SKOWHEGAN, Maine — A man from Skowhegan is facing charges of fraudulently applying for PPP loans and then allegedly misusing two $59,145 payments: one approved as a paycheck protection loan, and the other a mistaken deposit by his bank, TD Bank.
Wednesday morning was Reardon's virtual preliminary hearing at the Margaret Chase Smith Federal Building and U.S. Courthouse in Bangor.
At the hearing, Judge John C. Nivison said that Reardon was charged with two counts: bank fraud and attempted wire fraud.
Reardon's attorney Hunter Tzovarras said Reardon waived his right to a preliminary hearing, so Judge Nivison issued an order to release Reardon with an appearance bond with these conditions:
- Submit and report supervision as directed by pre-trial services
- Seek employment and report that effort
- Needs to surrender his passport
- If pre-trial services recommend him to seek any type of treatment, he will have to do so
- Report any contact with law enforcement
- Can't apply to any pandemic-related financial assistance without approval from pre-trial services
- Can't open any lines of credit or borrow bank money without prial approval from pre-trial services
"Mr. Reardon is in the process of filing for bankruptcy for his businesses, and as I understand that may be filed as soon as today," said Hunter Tzovarras, Reardon's lawyer.
A trial date has not been set.
Reardon could face up to 30 years in prison and face fines of up to $1 million if convicted and could be ordered to repay the loans he received if they are found to have been obtained or used illegally.
A statement to NEWS CENTER Maine from Tzovarras reads:
"We're glad to start the court process today so Mr. Reardon can begin the process of straightening out these claims against him and his businesses. Mr. Reardon applied for these loans, and used the funds, to help grow his small businesses in Maine and pay his employees. He never intentionally provided any inaccurate information on any of the applications. The PPP offered these loans to help businesses struggling during the pandemic and Mr. Reardon applied for the loans for the reason they were being offered."
People who worked for Nathan Reardon tell NEWS CENTER Maine he sometimes didn't pay them or didn't take taxes out of their checks.
"I am still waiting to get paid. He owes me over $6,000," said Deena Whited, the owner of Unity Plumbing. He's never given me a dime and he tried to say that we were incompetent and that all of our plumbing work was crooked or no good, and he had to hire someone else. We had a plumbing inspection and the inspector would have noted and not passed us if our plumbing was not up to code. He gave us flying colors."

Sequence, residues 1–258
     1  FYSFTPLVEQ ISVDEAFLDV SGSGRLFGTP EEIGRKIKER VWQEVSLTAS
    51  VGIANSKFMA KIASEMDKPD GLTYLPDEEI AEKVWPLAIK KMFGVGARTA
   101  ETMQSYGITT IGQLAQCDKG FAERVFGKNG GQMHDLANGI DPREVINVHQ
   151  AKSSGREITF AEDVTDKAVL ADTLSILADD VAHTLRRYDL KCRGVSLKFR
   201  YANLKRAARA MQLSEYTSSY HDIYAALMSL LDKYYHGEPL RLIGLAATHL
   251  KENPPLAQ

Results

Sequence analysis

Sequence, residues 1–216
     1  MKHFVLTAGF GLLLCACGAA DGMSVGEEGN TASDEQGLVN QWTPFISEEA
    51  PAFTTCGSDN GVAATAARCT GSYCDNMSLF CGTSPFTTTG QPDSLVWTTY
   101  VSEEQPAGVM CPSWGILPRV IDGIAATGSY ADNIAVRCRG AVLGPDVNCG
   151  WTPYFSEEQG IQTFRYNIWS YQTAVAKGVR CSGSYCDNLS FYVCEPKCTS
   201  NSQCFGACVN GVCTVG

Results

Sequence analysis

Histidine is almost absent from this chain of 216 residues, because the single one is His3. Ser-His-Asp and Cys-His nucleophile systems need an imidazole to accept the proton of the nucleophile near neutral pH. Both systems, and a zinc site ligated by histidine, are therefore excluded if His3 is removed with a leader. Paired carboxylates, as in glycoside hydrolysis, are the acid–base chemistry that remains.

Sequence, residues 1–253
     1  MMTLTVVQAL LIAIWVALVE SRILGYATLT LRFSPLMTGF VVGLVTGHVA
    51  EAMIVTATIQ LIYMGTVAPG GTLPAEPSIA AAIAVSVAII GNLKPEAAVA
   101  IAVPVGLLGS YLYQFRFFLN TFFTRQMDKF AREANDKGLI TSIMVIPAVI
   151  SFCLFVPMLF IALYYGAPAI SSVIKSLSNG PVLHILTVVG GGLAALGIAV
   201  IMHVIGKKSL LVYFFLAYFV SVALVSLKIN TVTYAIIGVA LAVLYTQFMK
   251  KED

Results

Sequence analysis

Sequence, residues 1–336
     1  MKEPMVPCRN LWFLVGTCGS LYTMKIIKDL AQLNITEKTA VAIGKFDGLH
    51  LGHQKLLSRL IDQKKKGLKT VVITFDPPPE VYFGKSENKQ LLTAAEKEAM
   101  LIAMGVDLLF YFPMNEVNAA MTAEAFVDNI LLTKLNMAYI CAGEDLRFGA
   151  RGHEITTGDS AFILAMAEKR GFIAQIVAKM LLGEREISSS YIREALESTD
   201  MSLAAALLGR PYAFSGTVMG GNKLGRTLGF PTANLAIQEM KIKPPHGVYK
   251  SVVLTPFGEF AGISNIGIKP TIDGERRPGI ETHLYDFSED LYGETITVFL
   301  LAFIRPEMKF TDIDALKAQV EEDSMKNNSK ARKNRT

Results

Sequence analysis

Whited placed a mechanic lien on the property to later find out that Reardon doesn't own his property in Skowhegan.
"I hope he gets arrested on all the fraud that he's perpetrated on so many people," said Whited.
Another victim said he owns Taco Shack and Liberty Square in Newburgh and that his suppliers frequently came asking for their money.
The victim said the basic rules of being a business owner include paying your employees and taxes, things Reardon was not doing.
"He wasn't taking taxes out of my paycheck, and from what I've heard, that's going to freeze my tax return next year, which doesn't really excite me very much," said one of the victims who wanted to remain anonymous.
Daniel Watson is a carpenter who worked on the same Skowhegan house.
"After two, three months of not getting paid, I decided to quit," said Watson. "I got three paychecks from him and one was declined and it turned out that his account was frozen and he told me that he would fix it. I knew it wasn't going to go anywhere, so I said I'm done, I can't go without pay anymore."
Adam Domonski rented a commercial space to Reardon.
"I am just another victim of Nathan Reardon's scam, so I just wanted to voice my story about what happened to me. He destroyed my building that has been in my family for about 60 years," said Domonski. "We've owned this property for a long time and to see him destroy it, it really hurts."
Domonski said failed to pay rent and he removed him and his stuff from the property. He said Reardon cut a hole in his building. Domonski is speaking to an attorney to sue Reardon, He said Reardon's damages to the property are worth $5,000.
According to court documents, Reardon got two $59,000 Payment Protection Program loans to help keep his employees on the payroll, yet dozens of people are waiting to be paid.
"He pays bi-weekly and if he decides he is not going to pay you, that's not right you are ruining a lot of people's lives," said one of the victims.
Court documents show Reardon used some of the PPP funds for personal purchases as more than $500 for a pair of caiman skin boots and up to $5,000 on jewelry and other Amazon purchases.